Tucker Carlson and Neil Patel

Tucker Carlson currently hosts Fox News’ “Tucker Carlson Tonight” (weekdays 8 p.m. ET). He joined the network in 2009 as a contributor.

“Tucker Carlson Tonight” features powerful analysis and spirited debates, with guests from across the political and cultural spectrum. Carlson brings his signature style to tackle issues largely uncovered by the media in every corner of the United States, challenging political correctness with a "Campus Craziness" segment and tackling media bias and outrage during "Twitter Storm."

Carlson co-hosted “Fox & Friends Weekend” starting in 2012, until taking on his current role at “Tucker Carlson Tonight.”

While at Fox News, Carlson has provided analysis for “America's Election Headquarters” on primary and caucus nights, including in the 2016 and 2012 presidential elections, as well as the 2014 midterm election. He also produced a Fox News special, "Fighting for Our Children's Minds," in 2010.

Prior to working at Fox News, Carlson hosted “Tucker Carlson: Unfiltered” on PBS from 2004 to 2005 and “Tucker” on MSNBC from 2005 to 2008. He joined CNN in 2000 as its youngest anchor ever, co-hosting “The Spin Room” and later CNN's “Crossfire,” until its 2005 cancellation. In 2003, he wrote an autobiography about his cable news experience titled "Politicians, Partisans and Parasites: My Adventures in Cable News."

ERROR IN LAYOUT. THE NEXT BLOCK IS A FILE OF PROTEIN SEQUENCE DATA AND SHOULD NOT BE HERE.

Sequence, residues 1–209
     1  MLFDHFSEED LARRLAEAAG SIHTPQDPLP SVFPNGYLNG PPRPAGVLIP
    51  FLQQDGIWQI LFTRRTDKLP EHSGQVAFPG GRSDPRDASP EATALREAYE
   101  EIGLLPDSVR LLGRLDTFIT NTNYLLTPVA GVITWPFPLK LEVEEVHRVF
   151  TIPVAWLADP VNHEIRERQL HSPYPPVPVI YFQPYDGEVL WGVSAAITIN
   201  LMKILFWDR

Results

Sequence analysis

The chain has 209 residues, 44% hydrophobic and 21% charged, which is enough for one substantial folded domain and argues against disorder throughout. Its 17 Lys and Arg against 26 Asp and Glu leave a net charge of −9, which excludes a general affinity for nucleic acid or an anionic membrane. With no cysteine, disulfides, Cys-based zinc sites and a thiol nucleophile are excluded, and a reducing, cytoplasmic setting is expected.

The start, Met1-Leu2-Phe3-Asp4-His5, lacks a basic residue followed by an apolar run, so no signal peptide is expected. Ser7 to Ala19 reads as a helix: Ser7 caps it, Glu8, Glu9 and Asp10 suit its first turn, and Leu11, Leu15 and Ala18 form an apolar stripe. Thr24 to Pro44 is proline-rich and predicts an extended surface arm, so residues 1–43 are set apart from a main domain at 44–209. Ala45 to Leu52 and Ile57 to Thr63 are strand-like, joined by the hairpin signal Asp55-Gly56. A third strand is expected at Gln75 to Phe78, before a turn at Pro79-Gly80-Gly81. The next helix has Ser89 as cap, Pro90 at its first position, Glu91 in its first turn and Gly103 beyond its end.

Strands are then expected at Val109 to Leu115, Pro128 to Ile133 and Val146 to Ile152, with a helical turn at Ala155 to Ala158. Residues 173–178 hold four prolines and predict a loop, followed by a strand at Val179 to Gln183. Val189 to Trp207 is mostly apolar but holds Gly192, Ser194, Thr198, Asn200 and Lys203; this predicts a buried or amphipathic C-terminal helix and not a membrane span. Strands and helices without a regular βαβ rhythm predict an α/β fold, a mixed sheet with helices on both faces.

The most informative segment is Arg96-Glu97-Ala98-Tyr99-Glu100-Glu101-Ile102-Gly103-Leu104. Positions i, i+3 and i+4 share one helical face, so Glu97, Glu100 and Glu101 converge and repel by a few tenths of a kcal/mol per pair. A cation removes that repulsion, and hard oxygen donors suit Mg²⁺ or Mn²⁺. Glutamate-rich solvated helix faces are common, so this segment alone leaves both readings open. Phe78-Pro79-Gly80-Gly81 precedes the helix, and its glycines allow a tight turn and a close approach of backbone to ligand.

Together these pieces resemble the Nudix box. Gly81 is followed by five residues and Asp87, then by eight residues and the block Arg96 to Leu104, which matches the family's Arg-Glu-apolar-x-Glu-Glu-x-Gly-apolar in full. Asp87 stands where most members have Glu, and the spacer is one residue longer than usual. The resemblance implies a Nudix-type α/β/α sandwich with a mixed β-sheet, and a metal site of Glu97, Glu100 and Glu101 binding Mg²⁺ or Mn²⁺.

Carlson graduated with a B.A. in history from Trinity College in Connecticut.

Neil Patel

In addition to his role as publisher of The Daily Caller, Neil Patel is co-founder and managing director of Bluebird Asset Management, a hedge fund investing in mortgage-backed securities.

Before starting his two companies, Neil served in the White House from 2005 to 2009 as the chief policy adviser to Vice President Dick Cheney. From 2001 to 2004, Neil was staff secretary to Vice President Cheney. Prior to joining the Bush administration, Neil was assistant general counsel at UUNET Technologies. Earlier in his career, Neil practiced law with Dechert Price & Rhoads. He also served as Counsel to the U.S. House of Representatives Select Committee on U.S. National Security and Military/Commercial Concerns with the People’s Republic of China. 

Neil received his B.A. from Trinity College in Connecticut and his J.D. from the Georgetown University Law Center, where he served as associate editor of the Journal of Law and Policy in International Business.

Neil lives in Washington, D.C., and Jackson Hole, Wyoming, with his wife, Amy, their two daughters, Caroline and Bela, and their son, Charlie.